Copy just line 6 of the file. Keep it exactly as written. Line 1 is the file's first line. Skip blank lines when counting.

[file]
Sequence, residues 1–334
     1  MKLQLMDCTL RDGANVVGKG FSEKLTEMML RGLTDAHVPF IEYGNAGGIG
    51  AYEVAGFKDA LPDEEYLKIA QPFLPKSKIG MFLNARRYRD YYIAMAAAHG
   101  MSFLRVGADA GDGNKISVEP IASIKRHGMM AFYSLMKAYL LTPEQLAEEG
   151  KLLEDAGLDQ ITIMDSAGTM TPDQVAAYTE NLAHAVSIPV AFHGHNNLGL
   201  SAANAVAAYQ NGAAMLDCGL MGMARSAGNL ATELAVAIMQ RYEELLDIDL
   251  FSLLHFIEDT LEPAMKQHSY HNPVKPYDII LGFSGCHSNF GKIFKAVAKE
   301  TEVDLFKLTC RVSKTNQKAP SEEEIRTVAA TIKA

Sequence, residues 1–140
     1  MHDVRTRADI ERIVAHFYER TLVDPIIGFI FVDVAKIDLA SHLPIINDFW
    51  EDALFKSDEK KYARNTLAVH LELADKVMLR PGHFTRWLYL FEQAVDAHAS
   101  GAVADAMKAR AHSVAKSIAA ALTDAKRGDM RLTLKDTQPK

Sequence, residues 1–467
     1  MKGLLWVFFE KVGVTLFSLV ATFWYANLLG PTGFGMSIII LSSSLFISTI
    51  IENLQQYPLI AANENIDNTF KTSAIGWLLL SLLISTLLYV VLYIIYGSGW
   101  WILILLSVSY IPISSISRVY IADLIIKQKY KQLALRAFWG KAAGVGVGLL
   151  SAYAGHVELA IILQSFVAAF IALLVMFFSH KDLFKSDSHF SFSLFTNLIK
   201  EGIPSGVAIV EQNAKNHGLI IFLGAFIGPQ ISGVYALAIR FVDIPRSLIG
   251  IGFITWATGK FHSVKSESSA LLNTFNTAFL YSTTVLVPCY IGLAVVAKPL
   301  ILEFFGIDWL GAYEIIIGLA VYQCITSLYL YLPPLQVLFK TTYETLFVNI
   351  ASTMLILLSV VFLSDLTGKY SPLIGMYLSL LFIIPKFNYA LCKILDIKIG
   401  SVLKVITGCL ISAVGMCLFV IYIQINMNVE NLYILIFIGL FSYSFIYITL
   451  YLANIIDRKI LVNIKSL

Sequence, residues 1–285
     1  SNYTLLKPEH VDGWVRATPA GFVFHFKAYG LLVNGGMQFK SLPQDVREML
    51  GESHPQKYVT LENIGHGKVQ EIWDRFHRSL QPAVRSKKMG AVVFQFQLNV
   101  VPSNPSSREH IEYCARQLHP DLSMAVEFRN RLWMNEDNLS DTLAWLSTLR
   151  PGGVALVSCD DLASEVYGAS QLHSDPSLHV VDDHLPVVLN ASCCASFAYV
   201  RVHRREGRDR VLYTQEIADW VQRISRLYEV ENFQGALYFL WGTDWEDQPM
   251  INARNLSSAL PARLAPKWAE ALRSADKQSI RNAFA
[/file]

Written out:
   201  SAANAVAAYQ NGAAMLDCGL MGMARSAGNL ATELAVAIMQ RYEELLDIDL